Environment Washington supports the “Right to Repair”

On January 18, 2022, Environment Washington Advocate Pam Clough submitted written testimony in support of House Bill 1810, a proposed bill that would ensure that Washingtonians have "right to repair" their own belongings, which in turn would help extend the life of electronics, conserve precious resources, mitigate climate pollution and prevent waste. Read our full testimony below:

January 26, 2022

Representative Timm Ormsby, Chair
House Appropriations Committee
Washington Legislature

Re: Environment Washington supports House Bill 1810

Chair Ormsby and Members of the Committee,

Environment Washington is a statewide, citizen-based environmental advocacy organization working for clean air, clean water and open space. We support House Bill 1810 because the right to repair is critical to protecting precious natural resources, mitigating climate change pollution and preventing waste.

We generate way too much waste, and companies use their power in the marketplace to make things harder to repair. Preventing repair reinforces the linear economic cycle of buying, using and discarding at the fastest possible speed, eating up precious natural resources on the front end and creating a mountain of preventable waste at the back end, all the while exacerbating climate change. The environmental impact of having electronic products with a short life is significant.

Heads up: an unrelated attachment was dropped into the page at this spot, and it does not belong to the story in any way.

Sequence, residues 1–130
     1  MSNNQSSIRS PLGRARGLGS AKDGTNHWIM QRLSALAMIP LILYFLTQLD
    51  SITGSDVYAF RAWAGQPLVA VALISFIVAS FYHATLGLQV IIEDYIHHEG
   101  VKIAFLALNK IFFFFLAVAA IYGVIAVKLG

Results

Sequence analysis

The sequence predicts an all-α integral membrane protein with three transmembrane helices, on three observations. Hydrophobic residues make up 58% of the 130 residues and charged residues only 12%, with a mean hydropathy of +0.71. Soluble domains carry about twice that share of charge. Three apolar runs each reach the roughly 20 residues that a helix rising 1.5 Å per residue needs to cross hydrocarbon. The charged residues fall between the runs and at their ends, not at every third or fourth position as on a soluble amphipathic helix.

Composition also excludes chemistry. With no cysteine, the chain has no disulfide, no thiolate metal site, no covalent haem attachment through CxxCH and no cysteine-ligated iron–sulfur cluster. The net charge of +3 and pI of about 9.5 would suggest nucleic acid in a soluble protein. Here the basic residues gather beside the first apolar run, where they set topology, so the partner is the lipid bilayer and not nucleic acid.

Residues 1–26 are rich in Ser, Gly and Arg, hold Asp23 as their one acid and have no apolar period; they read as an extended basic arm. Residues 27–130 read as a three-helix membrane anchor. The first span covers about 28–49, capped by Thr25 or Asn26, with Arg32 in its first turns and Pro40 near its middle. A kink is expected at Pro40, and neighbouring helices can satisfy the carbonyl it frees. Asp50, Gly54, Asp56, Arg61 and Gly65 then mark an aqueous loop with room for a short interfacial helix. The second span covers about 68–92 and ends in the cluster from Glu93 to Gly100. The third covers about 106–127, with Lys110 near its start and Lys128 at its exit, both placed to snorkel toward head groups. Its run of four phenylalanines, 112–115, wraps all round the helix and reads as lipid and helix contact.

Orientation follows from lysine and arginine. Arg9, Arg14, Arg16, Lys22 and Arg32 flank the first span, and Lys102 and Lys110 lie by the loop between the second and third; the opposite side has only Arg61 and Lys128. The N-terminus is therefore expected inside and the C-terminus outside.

For example, Americans purchase 161 million new smartphones each year, and our cell phone habit takes 23.7 million tons of raw material to satisfy. That’s like consuming an Empire State Building equivalent in material every six days. On average, Americans use their phones for 24.7 months before discarding them. Every day in the United States 416,000 cell phones are discarded. 

Studies show that if we held onto our phones for one more year on average, the climate emissions reductions would be equivalent to taking 636,000 cars off the road. But in order to extend the life of these products, individuals and small businesses need access to the tools and resources to fix them, which they often don’t have.

By giving Washingtonians the “right to repair,” House Bill 1810 would help extend the life of electronics and as a result will help to conserve precious resources, mitigate climate pollution and prevent waste, and we urge its swift passage.


Pam Clough

Advocate, Environment Washington


Pam Clough

Advocate, Environment Washington

As an advocate with Environment Washington, Pam develops and runs campaigns to protect Washington's air, water, and special places. She has worked on issues ranging from clean energy climate solutions, preventing plastic pollution, defending clean water, and protecting our special natural spaces. Pam lives in Steilacoom, Washington, where she enjoys kayaking on the Puget Sound, gardening and hiking in the surrounding mountains.

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